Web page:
JD sends something from Boing Boing, of whom Wiki writes:
Y-e-e-s-s-s. Here it is on Ryanair:
Ryanair (officially “the worst of the 100 biggest brands serving the British market”) is changing its culture because the board are sick of seeing people weeping in the departure lounge and being harangued at dinner-parties by friends and relatives who hate the airline and refuse to fly it. The airline’s latest scandal: charging a neurosurgeon £160 to change his ticket home from Dublin to Leeds, after he explained that he was flying home in a rush because his wife and children had been killed in a housefire.
1. The Russians are not noted by the west for their compassion but that’s those at the top and the yahoos. Actually, they can be excellent. When my mother died, it involved all sorts of bureaucratic things – exit visas, docs in triplicate etc. I almost lived in the passport place and three days later, with much help from colleagues and friends, I was out of the country and welcome back later.
Once they knew the reason, the way the various departments came together on it was astounding to me. Compassion and a sense of family is very much there in Russia.
Pity it doesn’t seem to be present in cold, bureaucratic Britain. Or is there something else to the story?
2. We don’t know that the girl on the desk was rude or brusque or kindly and sorry she couldn’t reduce the charge. Certainly, it seems Ryanair itself was coldly inflexible – or were they?
He told the Irish Daily Mail that tears were streaming down his face as he tried to explain …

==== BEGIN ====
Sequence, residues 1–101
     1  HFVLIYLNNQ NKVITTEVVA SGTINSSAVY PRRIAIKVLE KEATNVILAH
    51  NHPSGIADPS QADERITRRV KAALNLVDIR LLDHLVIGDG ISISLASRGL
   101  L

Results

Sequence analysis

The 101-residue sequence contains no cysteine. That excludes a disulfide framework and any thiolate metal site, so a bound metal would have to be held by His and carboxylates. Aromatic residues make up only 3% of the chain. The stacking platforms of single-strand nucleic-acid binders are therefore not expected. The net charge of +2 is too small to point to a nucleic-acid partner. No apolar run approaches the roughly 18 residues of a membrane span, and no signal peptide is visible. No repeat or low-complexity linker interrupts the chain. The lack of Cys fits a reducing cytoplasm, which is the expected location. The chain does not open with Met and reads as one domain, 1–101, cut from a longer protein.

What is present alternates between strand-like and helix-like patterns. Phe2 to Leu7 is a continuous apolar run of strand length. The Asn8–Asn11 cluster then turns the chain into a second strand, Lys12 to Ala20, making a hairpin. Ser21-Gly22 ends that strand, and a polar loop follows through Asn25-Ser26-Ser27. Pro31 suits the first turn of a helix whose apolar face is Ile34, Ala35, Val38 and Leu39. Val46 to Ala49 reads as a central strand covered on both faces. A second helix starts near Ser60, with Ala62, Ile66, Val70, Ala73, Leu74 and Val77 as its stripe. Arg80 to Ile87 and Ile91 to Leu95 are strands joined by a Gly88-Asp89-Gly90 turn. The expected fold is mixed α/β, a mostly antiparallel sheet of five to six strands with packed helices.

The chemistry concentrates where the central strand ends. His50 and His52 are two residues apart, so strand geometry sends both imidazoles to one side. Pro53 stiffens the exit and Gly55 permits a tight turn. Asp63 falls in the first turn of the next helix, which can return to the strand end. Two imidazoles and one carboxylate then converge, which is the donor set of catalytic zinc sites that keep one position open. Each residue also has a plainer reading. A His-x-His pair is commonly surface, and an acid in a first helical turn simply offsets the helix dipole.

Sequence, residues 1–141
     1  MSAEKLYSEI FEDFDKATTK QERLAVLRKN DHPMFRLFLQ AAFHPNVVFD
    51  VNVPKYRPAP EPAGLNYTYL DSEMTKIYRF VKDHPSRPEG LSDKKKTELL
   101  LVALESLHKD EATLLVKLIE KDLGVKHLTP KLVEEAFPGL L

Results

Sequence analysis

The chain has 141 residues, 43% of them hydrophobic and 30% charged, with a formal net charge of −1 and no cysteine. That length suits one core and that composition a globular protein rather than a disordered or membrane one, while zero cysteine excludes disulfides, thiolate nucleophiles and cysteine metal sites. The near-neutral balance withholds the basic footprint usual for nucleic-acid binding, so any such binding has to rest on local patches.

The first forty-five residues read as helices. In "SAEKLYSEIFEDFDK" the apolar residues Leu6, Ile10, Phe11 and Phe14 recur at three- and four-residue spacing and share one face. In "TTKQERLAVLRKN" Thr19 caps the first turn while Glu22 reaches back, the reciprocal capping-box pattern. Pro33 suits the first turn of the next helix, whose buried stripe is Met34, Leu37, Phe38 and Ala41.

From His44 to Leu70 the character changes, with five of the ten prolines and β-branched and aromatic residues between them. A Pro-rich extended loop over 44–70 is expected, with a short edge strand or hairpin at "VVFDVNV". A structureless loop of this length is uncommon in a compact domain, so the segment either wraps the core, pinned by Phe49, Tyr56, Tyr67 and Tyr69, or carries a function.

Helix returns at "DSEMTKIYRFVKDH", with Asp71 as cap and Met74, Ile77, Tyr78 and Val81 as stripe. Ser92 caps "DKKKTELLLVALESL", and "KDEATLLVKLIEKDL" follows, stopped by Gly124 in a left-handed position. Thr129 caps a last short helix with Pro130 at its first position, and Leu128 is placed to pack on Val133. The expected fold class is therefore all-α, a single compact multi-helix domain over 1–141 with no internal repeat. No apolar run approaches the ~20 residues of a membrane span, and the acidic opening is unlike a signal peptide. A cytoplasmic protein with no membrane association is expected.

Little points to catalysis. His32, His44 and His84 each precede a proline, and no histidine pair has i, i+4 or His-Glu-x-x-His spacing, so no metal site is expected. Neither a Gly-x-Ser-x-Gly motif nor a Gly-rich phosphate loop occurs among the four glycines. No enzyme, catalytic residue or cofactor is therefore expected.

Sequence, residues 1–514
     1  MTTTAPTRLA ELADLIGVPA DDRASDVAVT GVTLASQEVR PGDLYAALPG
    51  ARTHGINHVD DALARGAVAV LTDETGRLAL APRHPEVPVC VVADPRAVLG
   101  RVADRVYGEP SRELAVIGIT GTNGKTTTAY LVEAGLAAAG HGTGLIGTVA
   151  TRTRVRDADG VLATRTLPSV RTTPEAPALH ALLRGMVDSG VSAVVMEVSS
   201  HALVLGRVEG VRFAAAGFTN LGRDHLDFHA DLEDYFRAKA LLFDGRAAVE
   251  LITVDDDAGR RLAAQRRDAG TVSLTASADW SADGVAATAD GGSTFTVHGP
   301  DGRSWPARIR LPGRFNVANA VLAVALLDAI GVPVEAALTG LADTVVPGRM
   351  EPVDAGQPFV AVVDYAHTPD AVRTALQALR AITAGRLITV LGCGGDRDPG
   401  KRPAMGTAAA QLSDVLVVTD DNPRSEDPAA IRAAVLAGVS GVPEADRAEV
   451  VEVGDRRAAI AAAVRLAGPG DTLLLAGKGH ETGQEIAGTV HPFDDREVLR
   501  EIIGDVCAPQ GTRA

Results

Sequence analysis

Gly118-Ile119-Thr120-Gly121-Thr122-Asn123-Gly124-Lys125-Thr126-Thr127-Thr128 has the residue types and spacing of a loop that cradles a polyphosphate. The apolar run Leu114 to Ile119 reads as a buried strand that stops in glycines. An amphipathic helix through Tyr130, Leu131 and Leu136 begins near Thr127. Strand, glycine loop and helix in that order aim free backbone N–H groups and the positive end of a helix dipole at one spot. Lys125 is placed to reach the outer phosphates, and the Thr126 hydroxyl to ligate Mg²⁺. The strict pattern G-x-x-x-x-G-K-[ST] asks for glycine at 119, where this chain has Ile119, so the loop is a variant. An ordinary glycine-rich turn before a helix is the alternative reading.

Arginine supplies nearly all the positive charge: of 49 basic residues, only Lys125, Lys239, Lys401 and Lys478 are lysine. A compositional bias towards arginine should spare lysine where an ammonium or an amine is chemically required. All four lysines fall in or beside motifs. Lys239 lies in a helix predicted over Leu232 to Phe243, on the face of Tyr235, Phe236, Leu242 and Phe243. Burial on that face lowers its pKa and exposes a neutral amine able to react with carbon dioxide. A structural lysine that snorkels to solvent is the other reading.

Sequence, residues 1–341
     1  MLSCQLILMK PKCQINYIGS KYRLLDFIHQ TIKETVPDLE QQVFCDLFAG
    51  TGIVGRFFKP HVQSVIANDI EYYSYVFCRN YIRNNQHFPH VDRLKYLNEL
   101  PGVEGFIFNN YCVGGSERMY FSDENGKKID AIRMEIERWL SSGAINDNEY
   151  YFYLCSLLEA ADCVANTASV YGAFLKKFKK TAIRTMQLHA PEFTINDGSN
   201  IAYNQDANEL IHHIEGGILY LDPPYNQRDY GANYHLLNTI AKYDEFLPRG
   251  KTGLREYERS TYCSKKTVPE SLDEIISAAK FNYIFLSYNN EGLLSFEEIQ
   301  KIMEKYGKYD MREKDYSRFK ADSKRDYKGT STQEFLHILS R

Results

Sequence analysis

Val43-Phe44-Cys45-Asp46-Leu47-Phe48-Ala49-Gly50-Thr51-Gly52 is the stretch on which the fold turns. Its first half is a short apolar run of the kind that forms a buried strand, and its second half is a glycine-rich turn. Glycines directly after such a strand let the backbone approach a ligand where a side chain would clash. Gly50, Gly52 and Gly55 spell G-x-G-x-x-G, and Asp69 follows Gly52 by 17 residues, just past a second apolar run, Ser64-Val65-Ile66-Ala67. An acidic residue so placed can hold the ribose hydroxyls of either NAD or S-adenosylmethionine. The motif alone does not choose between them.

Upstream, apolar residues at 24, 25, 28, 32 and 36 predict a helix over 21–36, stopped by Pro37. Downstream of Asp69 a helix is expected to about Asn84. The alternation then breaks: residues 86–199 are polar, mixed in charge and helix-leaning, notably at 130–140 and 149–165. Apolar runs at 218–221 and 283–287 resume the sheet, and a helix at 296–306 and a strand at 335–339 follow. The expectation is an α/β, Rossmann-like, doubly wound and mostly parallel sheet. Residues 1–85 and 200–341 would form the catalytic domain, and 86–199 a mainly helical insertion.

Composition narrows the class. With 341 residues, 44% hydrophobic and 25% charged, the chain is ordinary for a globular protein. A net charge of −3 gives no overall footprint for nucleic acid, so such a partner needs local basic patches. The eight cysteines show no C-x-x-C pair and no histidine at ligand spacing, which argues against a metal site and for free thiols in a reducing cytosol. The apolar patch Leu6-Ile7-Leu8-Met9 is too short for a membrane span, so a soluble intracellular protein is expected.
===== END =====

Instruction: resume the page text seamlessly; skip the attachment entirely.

That’s the moment I thought I’d explore if Boing Boing was leftwing because there was a definite element there of emotion trumping logic.
I really did not expect them to charge me. I thought, given the circumstances, they might just let me transfer flights …
Why? Why would he expect them not to charge him? The terms and conditions, rough though they are with Ryanair, are still the terms and conditions. And how does that girl know he’s not pulling a fast one?
Also, he’s a doctor, on a tidy salary. There is a tragic occurrence, just as when my mother died. I’m stuck where I am. Not once did I expect not to have to pay for the exit and the flights – that’s why you have your emergency fund.
That doctor had his credit card and £160 is chicken feed to him. Also, what’s he doing on Ryanair, a budget airline? Also, we don’t know what it cost in the first place, do we? And how did the press get hold of it? Who went to the press? And wouldn’t you just pay up, go home, take care of business, then write to Ryanair and on the basis of that, decide to go to the press or not?
These are some of the questions many of you would probably be asking yourselves but Boing Boing does not give that side of it. Everything is about the raw emotion over a dastardly airline. I’m not disagreeing with that part. The poor doctor was probably beside himself, I can feel sorrow for his circumstances. I can feel anger at Ryanair.
But the article did not give us the whole picture and that falls into the area I’ve been railing against on this blog – because that is less than honest. It’s manipulating people’s reactions through appeal to emotion.
Let me reiterate. Yes, we can feel the emotion. Yes, it’s terrible what happened. But the way it was handled by the press and in particular Boing Boing, was dishonest.